Singapore

The Singapore-Australia Free Trade Agreement (SAFTA) was executed on 17 February 2003 and entered into force on 28 July 2003.

The SAFTA has eliminated all tariffs on goods exported to Singapore.

The SAFTA is designed to open the market for Australian services, and to clarify regulation in competition policy, government procurement, intellectual property, e-commerce, customs procedures and business travel.

Two-way trade in goods and services between Australia and Singapore exceeded $29 billion in 2013-2014. Two-way trade in services alone exceeded $9 billion. Merchandise exports from Australia to Singapore exceeded $7 billion.

Singapore and Australia have also signed the ASEAN-Australia-New Zealand Free Trade Agreement which entered into force on 1 January 2010.

Further reading on the signing of the agreement to amend SAFTA on October 2016

For detailed FTA information, please visit: http://dfat.gov.au/trade/agreements/safta/Pages/singapore-australia-fta.aspx

Date in force

  • 28 July 2003

Direct benefits

No tariffs.

Below you will find a way to look up the tariffs associated with a SELECTION of popular Australian exports. PLEASE NOTE: this is not a tariff calculator OR an exhaustive list. We recommend obtaining professional advice for products not listed here.

Indirect benefits

Open services and investment regimes.

Mutual recognition of goods and services standards.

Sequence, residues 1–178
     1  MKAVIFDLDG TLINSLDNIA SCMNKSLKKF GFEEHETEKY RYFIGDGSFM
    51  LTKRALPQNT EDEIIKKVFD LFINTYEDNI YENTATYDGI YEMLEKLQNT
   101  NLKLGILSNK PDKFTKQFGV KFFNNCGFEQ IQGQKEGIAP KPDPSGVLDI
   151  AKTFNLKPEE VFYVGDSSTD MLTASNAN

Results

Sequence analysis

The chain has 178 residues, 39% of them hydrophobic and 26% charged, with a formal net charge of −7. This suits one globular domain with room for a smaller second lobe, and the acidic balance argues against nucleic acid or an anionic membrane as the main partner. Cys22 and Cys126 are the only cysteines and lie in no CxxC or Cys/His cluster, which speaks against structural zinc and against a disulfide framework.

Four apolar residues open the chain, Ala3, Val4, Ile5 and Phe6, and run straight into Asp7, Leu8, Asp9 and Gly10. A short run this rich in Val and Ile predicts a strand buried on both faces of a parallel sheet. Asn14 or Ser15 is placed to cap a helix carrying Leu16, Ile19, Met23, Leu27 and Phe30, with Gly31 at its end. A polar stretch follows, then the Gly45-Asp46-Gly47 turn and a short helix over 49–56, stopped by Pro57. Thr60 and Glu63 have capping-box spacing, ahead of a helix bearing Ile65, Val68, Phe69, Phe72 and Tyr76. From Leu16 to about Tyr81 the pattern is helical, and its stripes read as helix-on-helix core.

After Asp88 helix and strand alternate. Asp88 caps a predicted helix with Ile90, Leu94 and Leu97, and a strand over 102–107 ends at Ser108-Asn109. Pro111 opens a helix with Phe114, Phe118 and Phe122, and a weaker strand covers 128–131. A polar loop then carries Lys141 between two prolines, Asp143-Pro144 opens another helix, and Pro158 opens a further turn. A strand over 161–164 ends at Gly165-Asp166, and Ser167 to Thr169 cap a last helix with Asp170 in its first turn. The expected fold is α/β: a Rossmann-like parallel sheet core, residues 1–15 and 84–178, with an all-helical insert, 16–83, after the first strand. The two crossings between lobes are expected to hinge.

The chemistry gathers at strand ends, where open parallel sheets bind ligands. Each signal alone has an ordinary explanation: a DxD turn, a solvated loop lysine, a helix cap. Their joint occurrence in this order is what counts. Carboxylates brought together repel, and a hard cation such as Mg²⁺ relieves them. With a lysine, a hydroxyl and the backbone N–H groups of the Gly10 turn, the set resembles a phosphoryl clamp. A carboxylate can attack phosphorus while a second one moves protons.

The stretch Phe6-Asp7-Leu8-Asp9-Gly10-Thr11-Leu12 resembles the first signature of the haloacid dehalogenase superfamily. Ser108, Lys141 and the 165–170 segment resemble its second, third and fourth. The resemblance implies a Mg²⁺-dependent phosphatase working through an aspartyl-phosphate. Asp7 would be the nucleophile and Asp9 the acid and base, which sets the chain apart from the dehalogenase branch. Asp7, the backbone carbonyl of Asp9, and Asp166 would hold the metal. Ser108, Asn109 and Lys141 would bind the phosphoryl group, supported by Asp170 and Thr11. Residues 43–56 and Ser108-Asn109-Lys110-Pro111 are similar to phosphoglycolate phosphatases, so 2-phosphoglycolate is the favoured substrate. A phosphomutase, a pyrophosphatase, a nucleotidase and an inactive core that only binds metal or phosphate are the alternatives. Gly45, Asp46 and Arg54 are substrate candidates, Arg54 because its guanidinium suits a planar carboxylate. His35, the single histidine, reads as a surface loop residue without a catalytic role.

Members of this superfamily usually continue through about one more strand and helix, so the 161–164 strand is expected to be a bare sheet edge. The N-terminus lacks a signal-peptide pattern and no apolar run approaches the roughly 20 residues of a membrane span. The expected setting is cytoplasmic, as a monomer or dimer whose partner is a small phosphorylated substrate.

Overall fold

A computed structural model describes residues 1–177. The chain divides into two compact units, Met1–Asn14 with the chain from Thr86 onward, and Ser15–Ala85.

Relaxation of visa and work permit regulations.

Subject to certain thresholds, the Singaporean Government procurements market will be open to Australian companies.

High standards of IP protection for patents, trademarks, geographical indications and copyright.

Increased use of e-commerce.

Certificate of Origin

Tariff concessions under the SAFTA are available to goods that "originate" in Australia or Australia and Singapore.

Goods must be either wholly obtained in Australia, produced in Australia from originating materials, or produced in Singapore and Australia from originating materials, non-originating materials, or a combination of originating and non-originating materials, and be supported by a certificate of origin.

For most goods, the originating materials must constitute 50% of the total manufacturing cost. For some electrical and electronic items, the originating materials must constitute 30% of the total manufacturing cost.

These proportions may be calculated on the basis of accumulation, unless textiles, clothing, footwear, jewellery, or motor vehicle items are concerned. Accumulation means that all materials used in Australia or Singapore will be taken into account despite any intermediary offshore processing.

Doing business with Singapore

There are many things to consider before embarking upon an export journey. Doing business with Singapore presents some unique challenges, but there are a number of key areas to consider before doing any international business.

The areas to consider are:

Business activities and risks

  • Location
  • Legal Structure
  • Direct tax
  • Funding
  • Repatriation of profits
  • Transfer pricing
  • Withholding tax
  • Indirect tax
  • Staffing

For a full checklist that will put you on the right path to doing business in Singapore, click HERE.

Want to know more? Visit the Export Council of Australia’s website.